Announcement: Chrome requiring Certificate Transparency in 2017

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Ryan Sleevi

Oct 24, 2016, 8:45:26 PM10/24/16
[Note: This is cross-posted. The best venue for follow-up questions is the public mailing list at or the post at ]
[Note: Posting wearing my Chrome hat. None of this reflects Mozilla policy, but is useful for the Mozilla community to be aware of]

This past week at the 39th meeting of the CA/Browser Forum, the Chrome team announced plans that publicly trusted website certificates issued in October 2017 or later will be expected to comply with Chrome’s Certificate Transparency policy in order to be trusted by Chrome.

The Chrome Team believes that the Certificate Transparency ecosystem has advanced sufficiently that October 2017 is an achievable and realistic goal for this requirement.

This is a significant step forward in the online trust ecosystem. The investments made by CAs adopting CT, and Chrome requiring it in some cases, have already paid tremendous dividends in providing a more secure and trustworthy Internet. The use of Certificate Transparency has profoundly altered how browsers, site owners, and relying parties are able to detect and respond to misissuance, and importantly, gives new tools to mitigate the damage caused when a CA no longer complies with community expectations and browser programs.

While the benefits of CT are clear, we recognize that some CAs, browsers, or site operators may have use cases they feel are not fully addressed by Certificate Transparency, and so may have concerns over the October 2017 date. We encourage anyone who feels this way to bring their concerns to the IETF’s Public Notary Transparency WG (TRANS) so that these use cases can be discussed and cataloged. The information for this WG, and the documents it works on, is available at

Although the date is a year away, we encourage any participants that wish to have their use cases addressed to bring them forward as soon as possible during the next three months. This will ensure that the IETF, the CA/Browser Forum, and the broader community at large have ample time to discuss the challenges that may be faced, and find appropriate solutions for them. Such solutions may be though technical changes via the IETF or via policy means such as through the CA/Browser Forum or individual browsers’ root program requirements.

We will continue outreach to CAs in trust stores used by Chrome to ensure that they are prepared and that there is minimal user disruption.

To further support these investments in Certificate Transparency, the Chrome team will be discussing a proposed new HTTP header at next month’s IETF meeting that would allow sites to opt-in to having CT requirements enforced in advance of this deadline.

Similarly, we welcome and encourage all CAs to voluntarily request that browsers enforce CT logging of their new certificates before this deadline. Doing so enhances CT's ability to protect users, detect misissuance, and in the unfortunate event that misissuance does occur, to confirm the scope of misissuance. This may allow browsers to take more targeted steps to remediate the problem than otherwise possible, thus minimizing any negative impact to their users.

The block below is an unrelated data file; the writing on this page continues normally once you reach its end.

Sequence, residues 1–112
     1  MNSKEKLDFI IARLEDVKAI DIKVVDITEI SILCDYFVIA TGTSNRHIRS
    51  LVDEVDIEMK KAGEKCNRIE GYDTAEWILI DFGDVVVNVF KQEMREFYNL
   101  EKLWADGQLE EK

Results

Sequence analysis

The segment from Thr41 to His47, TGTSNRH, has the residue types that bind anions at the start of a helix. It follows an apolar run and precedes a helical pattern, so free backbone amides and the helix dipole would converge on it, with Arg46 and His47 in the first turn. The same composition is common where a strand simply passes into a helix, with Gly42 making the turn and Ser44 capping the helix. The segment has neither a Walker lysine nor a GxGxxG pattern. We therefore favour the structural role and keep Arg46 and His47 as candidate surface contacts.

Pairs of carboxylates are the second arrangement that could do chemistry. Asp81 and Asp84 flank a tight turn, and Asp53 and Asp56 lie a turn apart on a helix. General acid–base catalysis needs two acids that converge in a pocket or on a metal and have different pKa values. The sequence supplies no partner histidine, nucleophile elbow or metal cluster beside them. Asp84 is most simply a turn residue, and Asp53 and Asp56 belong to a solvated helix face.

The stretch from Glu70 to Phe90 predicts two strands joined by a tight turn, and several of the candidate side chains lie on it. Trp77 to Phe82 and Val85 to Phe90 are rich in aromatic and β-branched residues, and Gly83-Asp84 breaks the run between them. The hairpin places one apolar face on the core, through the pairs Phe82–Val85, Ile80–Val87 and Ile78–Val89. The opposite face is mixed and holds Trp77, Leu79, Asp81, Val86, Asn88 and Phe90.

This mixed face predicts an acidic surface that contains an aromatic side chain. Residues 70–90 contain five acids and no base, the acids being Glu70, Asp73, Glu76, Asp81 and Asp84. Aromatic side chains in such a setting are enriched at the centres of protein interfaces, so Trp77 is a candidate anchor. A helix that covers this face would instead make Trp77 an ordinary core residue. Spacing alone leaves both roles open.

Han Yuwei

Oct 25, 2016, 10:45:26 AM10/25/16
在 2016年10月25日星期二 UTC+8上午8:45:26,Ryan Sleevi写道:
Is there any timetable for enforcing CAs to support embedded CT or OCSP CT?

Nick Lamb

Oct 25, 2016, 11:39:31 AM10/25/16
On Tuesday, 25 October 2016 15:45:26 UTC+1, Han Yuwei wrote:
> Is there any timetable for enforcing CAs to support embedded CT or OCSP CT?

Well, the effect of Google's policy is that if you're a subscriber looking to obtain certificates a year from now you have three options

1. Don't care about Chrome (though of course this policy may spread to other browsers). That option might be attractive if your certificates are from the Web PKI but aren't usually examined by browsers. For example in a mail server, or in some financial applications. Otherwise it looks like a bad choice.

2. Arrange to implement the TLS SCT extension from your servers and obtain SCTs for yourself to pass on to browsers. This does not require any new effort from the CA. This would meet Chrome's requirement entirely and is very flexible, but can mean significant disruption or even the need for new software development. Most customers again will see this as an undesirable choice.

3. Choose a CA that can deliver SCTs with your certificates or maybe via OCSP and in the latter case ensure your server software is compatible with that.

I expect option (3) to be overwhelmingly popular, so that Google need do little or nothing in the way of "enforcing" this support. Indeed all the big public CAs either already have, or are known to be developing this capability.

Obviously Google needs to communicate this clearly to subscribers, and to a lesser extent to Chrome users. I think a simple announcement ought to be enough at this stage for CAs themselves, if you're operating a public CA in 2016 and don't know what Certificate Transparency is you're in the wrong business. But for the other two groups effective communication is important over the next 12-24 months. In the ideal world the CAs would take on some of the burden of informing their subscribers, but I think the SHA-1 experience shows that's not always a very reliable path.

Han Yuwei

Oct 25, 2016, 12:26:46 PM10/25/16
在 2016年10月25日星期二 UTC+8下午11:39:31,Nick Lamb写道:
First, I care about CT and I desperately want CT depolyment. I have tried to implement TLS SCT extension to my nginx but failed and I dont't why. Because I deployed OCSP stapling successfully so I want a embedded CT (best for everyone) or a OCSP response CT. So I am willing that CA could do more because they have much more resources than us.
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